04 Aug Gil Scott-Heron Article
There’s a pretty amazing Gil Scott-Heron article in this weeks New Yorker. It’s a rare piece of writing that reads like a well edited documentary film.
So much of the time, even in good articles, the writing is almost as much about the writer as it is about the subject. It’s kind of understandable that this would be the case, because without the ability to control the pace of reading, the sound, and the visuals, the writer feels a need to put his or her stamp on things. How else do they compete with other writers for gigs? In this case we feel the presence of the writer not as a spy but as a kind of an accepting friend. There’s clearly a bit of distance, but also a sense of trust built up that pays off. I think it’s more typical in this kind of writing to have a feeling that the reader is the secret friend of the writer and the writer has kind of seriptitiously slipped us into the room to gawk at the person they are covering in. In this case I wouldn’t say that the writer, Alec Wilkinson is “voiceless”, but the writing is non-judgmental in way that is rarely seen.
A recent thread on the dreaded non-elitist facebook was a back and forth about whether or not the New Yorker is elitist. I happen to love the New Yorker and I argued that it isn’t, that it’s just good. When the thread popped back up again today I countered with the fact that this week features the Gil article and a talk of the town about Iggy Pop. The Iggy article is actually a little bit elitist- but the GS-H article is not. The fact that it almost feels a little bit out of place in the New Yorker brings forth a few little cracks in my argument. The truth is, the magazine is mildly elitist, but it’s really the cartoons that push it in that direction the farthest. Here is what I pecked away to my friend on my phone:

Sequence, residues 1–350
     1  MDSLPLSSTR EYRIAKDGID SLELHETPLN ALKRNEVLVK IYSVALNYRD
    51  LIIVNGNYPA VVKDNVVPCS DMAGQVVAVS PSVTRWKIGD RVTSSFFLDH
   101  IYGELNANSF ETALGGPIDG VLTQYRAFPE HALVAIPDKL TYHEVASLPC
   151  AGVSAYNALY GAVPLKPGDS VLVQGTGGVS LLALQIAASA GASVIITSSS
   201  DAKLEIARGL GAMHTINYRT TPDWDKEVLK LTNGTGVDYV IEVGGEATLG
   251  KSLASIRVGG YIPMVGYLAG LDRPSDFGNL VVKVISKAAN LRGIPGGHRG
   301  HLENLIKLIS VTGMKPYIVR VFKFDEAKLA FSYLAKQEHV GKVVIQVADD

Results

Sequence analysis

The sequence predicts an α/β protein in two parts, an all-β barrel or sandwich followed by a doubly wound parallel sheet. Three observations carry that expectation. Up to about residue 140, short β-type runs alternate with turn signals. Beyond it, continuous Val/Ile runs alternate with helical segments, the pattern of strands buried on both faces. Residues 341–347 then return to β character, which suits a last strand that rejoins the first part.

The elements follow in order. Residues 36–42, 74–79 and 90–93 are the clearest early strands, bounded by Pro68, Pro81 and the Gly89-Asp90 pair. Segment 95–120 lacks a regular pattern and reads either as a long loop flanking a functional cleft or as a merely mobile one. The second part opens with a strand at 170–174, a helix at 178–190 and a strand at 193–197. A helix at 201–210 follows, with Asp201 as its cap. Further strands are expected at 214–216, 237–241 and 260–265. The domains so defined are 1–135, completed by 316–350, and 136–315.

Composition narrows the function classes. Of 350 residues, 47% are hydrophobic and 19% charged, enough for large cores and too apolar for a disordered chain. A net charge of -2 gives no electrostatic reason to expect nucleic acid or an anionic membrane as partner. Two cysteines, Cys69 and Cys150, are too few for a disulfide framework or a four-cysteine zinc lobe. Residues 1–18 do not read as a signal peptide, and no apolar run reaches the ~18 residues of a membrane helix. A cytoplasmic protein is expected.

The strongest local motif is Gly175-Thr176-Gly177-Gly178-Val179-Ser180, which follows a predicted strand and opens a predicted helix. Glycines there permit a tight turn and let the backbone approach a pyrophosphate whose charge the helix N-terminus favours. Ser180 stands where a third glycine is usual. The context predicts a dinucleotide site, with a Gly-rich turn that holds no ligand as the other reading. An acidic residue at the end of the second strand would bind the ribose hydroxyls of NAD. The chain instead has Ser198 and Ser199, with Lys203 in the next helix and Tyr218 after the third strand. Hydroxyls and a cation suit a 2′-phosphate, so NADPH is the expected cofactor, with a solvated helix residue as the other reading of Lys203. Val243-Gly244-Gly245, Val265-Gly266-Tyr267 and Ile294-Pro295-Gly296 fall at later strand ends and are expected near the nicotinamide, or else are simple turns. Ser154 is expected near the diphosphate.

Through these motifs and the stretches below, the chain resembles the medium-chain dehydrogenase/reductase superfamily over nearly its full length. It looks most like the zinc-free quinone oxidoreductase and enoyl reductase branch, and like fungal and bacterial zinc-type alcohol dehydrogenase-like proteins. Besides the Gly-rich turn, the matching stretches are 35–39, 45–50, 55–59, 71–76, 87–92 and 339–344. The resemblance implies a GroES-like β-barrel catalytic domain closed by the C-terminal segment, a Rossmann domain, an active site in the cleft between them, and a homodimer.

“The Gil Scott article is pretty amazing
I just thought about it though. It’s the cartoons that are elitist- painfully so
The illustrations aren’t always – sometimes yes- but they can also be amazing- it’s the nature of the cartoons to be extremely elitist. Since we are such visual creatures and the new yorker gives us so few images compared to other mags we give the stupid businessman jokes way too much. … Power??”
The article isn’t online but they do have this nice slideshow. The pictures and words are all by Monique de Latour- and in true elitist fashion somehow the cads that slapped it together took full credit for it- and gave her an “images courtesy of” credit.